Idaho Opportunity Zones get new interest, challenges

Sharon Fisher//November 13, 2019

Idaho Opportunity Zones get new interest, challenges

Sharon Fisher//November 13, 2019

photo of new meadows
A New Meadows Opportunity Zone that could hold workforce housing, like this 40-acre campground Brundage Mountain Resort bought for the purpose, could lose its designation. File photo

As an important deadline approaches, Idaho’s Opportunity Zones are getting more attention from inside and outside the state. At the same time, the state could lose two of its 28 Opportunity Zones.

Opportunity Zones, a community development program established by Congress in the 2017 Tax Cuts and Jobs Act, are intended to encourage long-term investment in low-income urban and rural communities through tax breaks. Thus far, two have been announced in Idaho: One in Twin Falls and one in Meridian.

Other potential Opportunity Zone projects include two workforce housing projects, one in Twin Falls and one in the McCall area. The latter region – short on workforce housing, particularly with the popularity of short-term rentals – has one Opportunity Zone covering a large swathe of Valley County, including Donnelly and McCall, and another with a chunk of Adams County, including New Meadows.

Andrew Mentzer, executive director of the West Central Mountains Economic Development Council, said he couldn’t comment on potential Opportunity Zone development there.

Funding Opportunity Zone projects

Idaho has three Opportunity Zone funds, which help produce the projects. One is Boise-based Galena Opportunity Fund, the only one based in Idaho, which is behind both Idaho Opportunity Zone projects.

Two other Opportunity Zone funds have been formed that intend to operate in Idaho, among other states, according to a directory produced by the National Council of State Housing Agencies (NCSHA), a nonprofit, nonpartisan organization. Neither fund has announced Idaho projects yet, and neither responded to press inquiries.

New Opportunity Zone investment

Coni Rathbone

A Portland legal firm is planning to expand into Idaho, said Coni Rathbone, partner at Dunn Carney LLP, who leads its Opportunity Zone practice.

“We’re building a vacation home in Eagle, and I work wherever I am,” she said.

Raised in Weiser, Rathbone recently visited Idaho, leading two classes on Opportunity Zones, visiting Greater Boise sites and meeting with Galena Opportunity Fund.

“My guess is I’ll work my way to working with them,” she said, though she expected her company would be creating Opportunity Zone funds as well.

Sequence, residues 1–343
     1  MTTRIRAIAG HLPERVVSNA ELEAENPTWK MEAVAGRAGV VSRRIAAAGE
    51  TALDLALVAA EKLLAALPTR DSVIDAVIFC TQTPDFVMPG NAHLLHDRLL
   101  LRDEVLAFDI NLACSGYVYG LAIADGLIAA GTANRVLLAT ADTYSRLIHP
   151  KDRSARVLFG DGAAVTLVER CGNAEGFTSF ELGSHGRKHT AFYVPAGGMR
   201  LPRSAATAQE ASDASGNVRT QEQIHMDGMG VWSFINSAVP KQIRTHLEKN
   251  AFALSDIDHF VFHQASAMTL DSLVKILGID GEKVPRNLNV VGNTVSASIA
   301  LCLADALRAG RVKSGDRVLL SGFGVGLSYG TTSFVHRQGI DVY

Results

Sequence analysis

An area of particular interest to the company is workforce housing, Rathbone said. “We’re putting together a program to pair workforce housing in Opportunity Zones,” she said.

The problem is it doesn’t pencil out well, but the 3% return investors can make on Opportunity Zones helps with the 3% to 5% return workforce housing can make, she said. “If they have a mission toward workforce housing, and get an additional 3%, that can make it work,” she said.

Dunn Carney also has an agricultural practice, which Rathbone said she expected to be able to leverage in Idaho.

“Rural areas are starting to be curious about this program,” she said.

Opportunity Zones are running up against a Dec. 31 deadline, but Rathbone said investment was still worthwhile after that.

“If you invest by the end of the year, then in 2026 you get a 15% step up,” she said. “After this year, you get a 10% step up. That’s the only benefit you lose.”

Could Idaho lose Opportunity Zones?

However, the Opportunity Zone program has come under some criticism that it isn’t helping the poor areas it was intended to support and is instead helping areas that are already gentrifying. Sen. Ron Wyden, D-Oregon, introduced legislation on Nov. 6 to tighten the requirements for Opportunity Zones, which would also disqualify a number of Opportunity Zones already designated.

photo of brady meixell
Brady Meixell

Wyden’s office wasn’t sure whether any Idaho tracts would be disqualified, but two organizations said Idaho had two zones considered contiguous to disadvantaged census tracts rather than being disadvantaged themselves. That would be the New Meadows tract and a tract near Orofino, in Clearwater County, sponsored by the Nez Perce Tribe, said Brady Meixell, research assistant at the Metropolitan Housing and Communities Policy Center. Economic Innovation Group, a Washington, D.C. –based bipartisan public policy organization, also indicated that those two Idaho Opportunity Zones would be candidates for disqualification.